Geothermals Top 10 Takeaways


If you don’t know anything else about geothermal heating and cooling, know this – especially if you’re thinking of retrofitting your current Lane County home’s HVAC system or still don’t know how best to heat and cool the new home you’re having constructed:
  1. Geothermal HVAC systems are widely considered the most environmentally friendly available. Their relatively simple technology channels subterranean temperatures to provide your Lane County home with winter heat and summer cooling. Thus, your home and the earth are always in sync, bonded together in a distinctive – and distinctively harmonious – home-earth symbiosis. Sound a trifle too flashy? All it means is that, with geothermal heating and cooling, your home isn’t destroying the natural order of things. Instead, it’s becoming a “nicer” part of the environment.
  2. Geothermal HVAC systems meet the definition of “renewable energy technology.” Sure, they run off of electricity. But they don’t need much of it for all the benefit you get. Just one unit of electricity can transfer up to five units of natural heating or cooling from the earth to your home.
  3. Geothermal HVAC systems are much more efficient than solar (photovoltaic) or wind power systems. In truth, solar and wind technologies, whatever the draw of their “renewability,” consume four times more kilowatt-hours of electricity per dollar spent than geothermal systems.
  4. Geothermal HVAC systems won’t dominate your yard. Don’t have much yard space in the first place? No shocker there: most home lots in Lane County and elsewhere anymore occupy a fairly You’ll be glad to know, however, that the polyethylene piping used for the geothermal earth loops doesn’t have to be buried horizontally. It can be dug in vertically and run to a depth of anywhere from 100 to 400 feet. Almost no above-ground surface is needed at any rate, whether vertical, horizontal, open (well water), or pond loops are installed. Result? You can keep your little patch of paradise a whole lot greener.
  5. Geothermal HVAC systems are remarkably quiet. Every part of a geothermal system is designed and engineered to operate significantly quieter than ordinary gas furnaces, heat pumps, or air conditioners. Even better, there’s no outside unit, so you and your neighbors areen’t troubled by fans, belts, and compressors whirring, whining, and juddering away at all hours!
  6. Geothermal HVAC systems are durable heating and cooling solutions, designed, engineered, and built to last for generations. Present-day geothermal technology, manufacturing guidelines, and installation procedures assure ground loops of extraordinary longevity and heat-exchange equipment that will keep on working perfectly for decades. It helps, naturally, that the heat-exchange equipment is housed indoors. At least, when it does eventually need repairing or replacing, it’s not likely that you’ll be redoing the ground, well, or pond loops along with it. So replacement costs can be relatively low.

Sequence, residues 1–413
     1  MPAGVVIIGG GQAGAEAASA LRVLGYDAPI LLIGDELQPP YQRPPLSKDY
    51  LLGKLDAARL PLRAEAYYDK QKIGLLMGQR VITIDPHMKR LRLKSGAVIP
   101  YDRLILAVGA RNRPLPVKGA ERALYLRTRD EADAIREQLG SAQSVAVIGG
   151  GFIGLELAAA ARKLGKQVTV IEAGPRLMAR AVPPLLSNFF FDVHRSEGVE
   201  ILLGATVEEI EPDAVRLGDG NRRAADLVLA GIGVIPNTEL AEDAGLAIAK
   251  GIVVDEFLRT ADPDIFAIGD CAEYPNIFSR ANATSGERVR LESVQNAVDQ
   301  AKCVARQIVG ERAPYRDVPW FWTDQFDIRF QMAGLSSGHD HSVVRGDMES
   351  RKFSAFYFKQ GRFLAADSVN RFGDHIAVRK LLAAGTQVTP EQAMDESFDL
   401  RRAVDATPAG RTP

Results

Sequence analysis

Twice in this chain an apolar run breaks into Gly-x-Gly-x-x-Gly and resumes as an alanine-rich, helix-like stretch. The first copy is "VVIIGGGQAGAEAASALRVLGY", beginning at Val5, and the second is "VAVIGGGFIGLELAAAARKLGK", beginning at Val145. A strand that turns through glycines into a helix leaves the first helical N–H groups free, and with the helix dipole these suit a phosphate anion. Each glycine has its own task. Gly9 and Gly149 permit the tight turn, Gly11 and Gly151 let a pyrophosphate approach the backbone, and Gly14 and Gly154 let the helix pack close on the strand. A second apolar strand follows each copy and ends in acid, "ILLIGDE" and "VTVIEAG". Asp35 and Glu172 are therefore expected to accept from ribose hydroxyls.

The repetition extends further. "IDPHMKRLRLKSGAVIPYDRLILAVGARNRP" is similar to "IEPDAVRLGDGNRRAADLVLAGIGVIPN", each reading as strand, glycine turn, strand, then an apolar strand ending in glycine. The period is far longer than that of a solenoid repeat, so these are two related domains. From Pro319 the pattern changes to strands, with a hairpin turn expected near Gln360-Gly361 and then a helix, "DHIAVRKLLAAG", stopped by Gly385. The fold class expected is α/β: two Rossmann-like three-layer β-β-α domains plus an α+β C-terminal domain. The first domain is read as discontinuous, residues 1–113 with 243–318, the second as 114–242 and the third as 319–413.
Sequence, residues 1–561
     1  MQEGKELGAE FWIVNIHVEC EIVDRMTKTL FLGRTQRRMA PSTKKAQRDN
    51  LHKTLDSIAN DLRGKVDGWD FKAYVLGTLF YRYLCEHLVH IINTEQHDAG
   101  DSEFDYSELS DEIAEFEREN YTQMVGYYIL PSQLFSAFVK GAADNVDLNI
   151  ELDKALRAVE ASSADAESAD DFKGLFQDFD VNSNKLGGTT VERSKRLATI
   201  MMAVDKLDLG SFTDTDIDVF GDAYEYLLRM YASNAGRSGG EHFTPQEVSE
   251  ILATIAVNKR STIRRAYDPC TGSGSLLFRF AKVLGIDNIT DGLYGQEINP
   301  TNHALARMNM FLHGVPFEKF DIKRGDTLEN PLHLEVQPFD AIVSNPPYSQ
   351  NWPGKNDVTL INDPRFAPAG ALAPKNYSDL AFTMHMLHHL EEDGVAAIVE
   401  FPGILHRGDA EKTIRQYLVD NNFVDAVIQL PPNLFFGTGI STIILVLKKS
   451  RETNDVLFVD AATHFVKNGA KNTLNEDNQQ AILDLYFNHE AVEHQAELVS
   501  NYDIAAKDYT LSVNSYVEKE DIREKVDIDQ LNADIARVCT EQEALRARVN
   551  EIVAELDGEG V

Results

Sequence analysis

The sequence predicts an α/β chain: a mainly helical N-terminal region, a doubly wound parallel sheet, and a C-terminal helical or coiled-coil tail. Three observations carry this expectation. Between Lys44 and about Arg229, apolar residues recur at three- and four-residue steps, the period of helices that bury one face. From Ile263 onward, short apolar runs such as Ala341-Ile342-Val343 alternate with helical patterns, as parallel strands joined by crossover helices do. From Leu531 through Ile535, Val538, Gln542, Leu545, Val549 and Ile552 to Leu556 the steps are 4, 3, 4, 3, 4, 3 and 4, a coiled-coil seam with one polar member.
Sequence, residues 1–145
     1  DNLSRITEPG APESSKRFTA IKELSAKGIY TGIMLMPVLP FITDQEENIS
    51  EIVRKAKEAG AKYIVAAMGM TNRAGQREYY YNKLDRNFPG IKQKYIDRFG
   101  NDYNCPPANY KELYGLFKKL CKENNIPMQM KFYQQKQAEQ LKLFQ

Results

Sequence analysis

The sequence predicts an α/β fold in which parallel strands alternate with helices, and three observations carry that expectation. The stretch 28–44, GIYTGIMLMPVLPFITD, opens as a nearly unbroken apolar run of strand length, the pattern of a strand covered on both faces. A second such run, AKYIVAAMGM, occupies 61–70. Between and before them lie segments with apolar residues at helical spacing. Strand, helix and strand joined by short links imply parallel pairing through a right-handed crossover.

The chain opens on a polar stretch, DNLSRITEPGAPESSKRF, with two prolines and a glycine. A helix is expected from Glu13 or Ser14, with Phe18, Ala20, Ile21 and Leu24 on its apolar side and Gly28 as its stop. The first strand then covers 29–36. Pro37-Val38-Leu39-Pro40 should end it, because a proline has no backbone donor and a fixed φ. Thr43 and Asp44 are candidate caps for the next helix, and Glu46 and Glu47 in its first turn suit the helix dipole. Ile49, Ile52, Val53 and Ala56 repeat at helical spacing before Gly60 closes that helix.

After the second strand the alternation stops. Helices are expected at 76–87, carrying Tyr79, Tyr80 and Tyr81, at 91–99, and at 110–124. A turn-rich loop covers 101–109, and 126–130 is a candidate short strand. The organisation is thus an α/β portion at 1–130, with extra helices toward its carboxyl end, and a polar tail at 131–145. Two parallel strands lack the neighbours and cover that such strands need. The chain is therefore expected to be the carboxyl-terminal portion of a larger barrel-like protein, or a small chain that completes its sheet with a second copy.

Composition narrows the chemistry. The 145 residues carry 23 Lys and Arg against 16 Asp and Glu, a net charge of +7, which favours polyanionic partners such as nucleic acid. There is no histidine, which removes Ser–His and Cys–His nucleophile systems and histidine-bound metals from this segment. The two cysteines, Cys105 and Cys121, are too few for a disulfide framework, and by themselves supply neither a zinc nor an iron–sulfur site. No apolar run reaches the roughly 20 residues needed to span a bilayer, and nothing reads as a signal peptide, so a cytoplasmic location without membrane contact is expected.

7. Geothermal HVAC systems need very little maintenance. The earth loops, as previously described, are designed to last for generations, and when properly buried, will do so without any need for intervention. Fans, compressors, and pumps, safeguarded indoors from weather extremes, require only sporadic scrutiny as well as periodic filter changes and a coil cleaning once a year.
  8. Geothermal HVAC systems are as powerful in cooling as they are in heating. The old perception that geothermal HVAC systems don’t cool as well as they heat has been substantially laid to rested by ongoing advances in the manufacture of geothermal technology.
  9. Geothermal HVAC systems can be set up to multitask. Very well, so you’ve decided on heating your home’s water geothermally. But can a geothermal system provide ambient heat for your home too? And what if you have a swimming pool? Relax. Today’s systems can do it all and do it at the same time, with no favoring of one task over another.
  10. Geothermal HVAC systems are becoming more and more affordable – even in the absence of federal and local tax incentives. Congress has yet to reinstitute federal tax credits for geothermal heating and cooling that ended December 31, 2016. Nevertheless, a number of factors – material and technological improvements, new installation practices, and more competition in the marketplace, for the most part – are helping to bring geothermal solutions more in line with the cost of more established heating and cooling methods.
 
Get hold of the geothermal pros at Comfort Flow Heating today. They’ll clearly outline the advantages of geothermal heating and cooling so you can make the best decision for your Lane County home.